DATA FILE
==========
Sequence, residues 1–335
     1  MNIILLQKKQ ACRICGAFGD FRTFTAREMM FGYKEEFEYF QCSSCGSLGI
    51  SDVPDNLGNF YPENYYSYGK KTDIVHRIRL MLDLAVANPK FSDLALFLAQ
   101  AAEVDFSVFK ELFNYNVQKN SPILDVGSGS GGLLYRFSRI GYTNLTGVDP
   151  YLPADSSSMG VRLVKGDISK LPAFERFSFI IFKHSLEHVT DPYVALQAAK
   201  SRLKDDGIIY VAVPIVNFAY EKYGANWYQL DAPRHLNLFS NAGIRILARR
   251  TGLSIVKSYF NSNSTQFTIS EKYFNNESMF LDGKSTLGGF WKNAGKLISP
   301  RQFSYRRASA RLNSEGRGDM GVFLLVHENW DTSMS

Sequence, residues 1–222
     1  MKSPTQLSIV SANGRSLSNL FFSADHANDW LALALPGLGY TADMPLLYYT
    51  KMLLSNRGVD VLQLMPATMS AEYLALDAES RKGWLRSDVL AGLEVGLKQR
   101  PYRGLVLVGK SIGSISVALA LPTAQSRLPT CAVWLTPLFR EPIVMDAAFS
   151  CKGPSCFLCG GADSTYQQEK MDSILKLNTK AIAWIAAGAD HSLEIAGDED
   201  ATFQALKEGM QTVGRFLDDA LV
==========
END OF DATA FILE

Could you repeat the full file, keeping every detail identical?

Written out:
Sequence, residues 1–335
     1  MNIILLQKKQ ACRICGAFGD FRTFTAREMM FGYKEEFEYF QCSSCGSLGI
    51  SDVPDNLGNF YPENYYSYGK KTDIVHRIRL MLDLAVANPK FSDLALFLAQ
   101  AAEVDFSVFK ELFNYNVQKN SPILDVGSGS GGLLYRFSRI GYTNLTGVDP
   151  YLPADSSSMG VRLVKGDISK LPAFERFSFI IFKHSLEHVT DPYVALQAAK
   201  SRLKDDGIIY VAVPIVNFAY EKYGANWYQL DAPRHLNLFS NAGIRILARR
   251  TGLSIVKSYF NSNSTQFTIS EKYFNNESMF LDGKSTLGGF WKNAGKLISP
   301  RQFSYRRASA RLNSEGRGDM GVFLLVHENW DTSMS

Sequence, residues 1–222
     1  MKSPTQLSIV SANGRSLSNL FFSADHANDW LALALPGLGY TADMPLLYYT
    51  KMLLSNRGVD VLQLMPATMS AEYLALDAES RKGWLRSDVL AGLEVGLKQR
   101  PYRGLVLVGK SIGSISVALA LPTAQSRLPT CAVWLTPLFR EPIVMDAAFS
   151  CKGPSCFLCG GADSTYQQEK MDSILKLNTK AIAWIAAGAD HSLEIAGDED
   201  ATFQALKEGM QTVGRFLDDA LV